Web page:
In 2019, Carleton ranked 101–150 in the world for politics and international studies, placing it within the top one percent of global universities in this field.
The Norman Paterson School of International Affairs is a professional school of international affairs at Carleton University. Founded in 1965, the school has distinguished itself as Canada's leading school in the field of international affairs, producing graduates that have progressed onward into key leadership positions within the federal government, think tanks, and academia. Established during a 'golden age' of Canadian diplomacy, the school adopts an interdisciplinary approach to the study of global issues, divided into seven clusters organized according to different areas of study under the umbrella of international affairs. NPSIA is the only full Canadian member of the Association of Professional Schools of International Affairs, a group of the world's top schools in international affairs.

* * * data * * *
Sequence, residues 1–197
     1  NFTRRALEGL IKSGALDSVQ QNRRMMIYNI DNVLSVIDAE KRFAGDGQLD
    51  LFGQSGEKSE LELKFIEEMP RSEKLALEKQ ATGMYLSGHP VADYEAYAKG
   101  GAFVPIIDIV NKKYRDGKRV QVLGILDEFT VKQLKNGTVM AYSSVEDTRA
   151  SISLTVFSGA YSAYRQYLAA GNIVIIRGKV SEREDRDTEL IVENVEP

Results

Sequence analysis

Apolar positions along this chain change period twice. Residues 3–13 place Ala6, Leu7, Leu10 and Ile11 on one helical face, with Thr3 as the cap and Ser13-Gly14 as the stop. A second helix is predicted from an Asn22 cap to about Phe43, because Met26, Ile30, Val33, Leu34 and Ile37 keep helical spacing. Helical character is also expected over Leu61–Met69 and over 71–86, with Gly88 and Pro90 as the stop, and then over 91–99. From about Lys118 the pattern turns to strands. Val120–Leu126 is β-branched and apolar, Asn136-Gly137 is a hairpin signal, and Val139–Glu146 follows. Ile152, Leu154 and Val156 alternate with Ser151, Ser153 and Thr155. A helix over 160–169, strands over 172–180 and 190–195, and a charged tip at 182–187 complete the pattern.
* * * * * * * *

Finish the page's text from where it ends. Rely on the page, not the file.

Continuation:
NPSIA is well-regarded among the scholarly community in international affairs, with admission to the school is highly selective. In 2007, a poll of Canadian academics, intended to determine the best professional masters programs in international affairs, ranked NPSIA at No. 2, tied with Georgetown University, and ahead of programs at universities like Harvard and Columbia.
The Faculty of Science offers 86 undergraduate and 39 graduate programs across various fields including biology, chemistry, physics, health sciences, mathematics, computer science, neuroscience, and earth sciences, with over 6,500 students enrolled, served by 177 faculty members. Initial coursework on biology, chemistry, geology, and mathematics was first introduced in 1942 as night classes. In 1947, the school introduced its first undergraduate degrees in science, graduating its first cohort of honours degrees by 1950.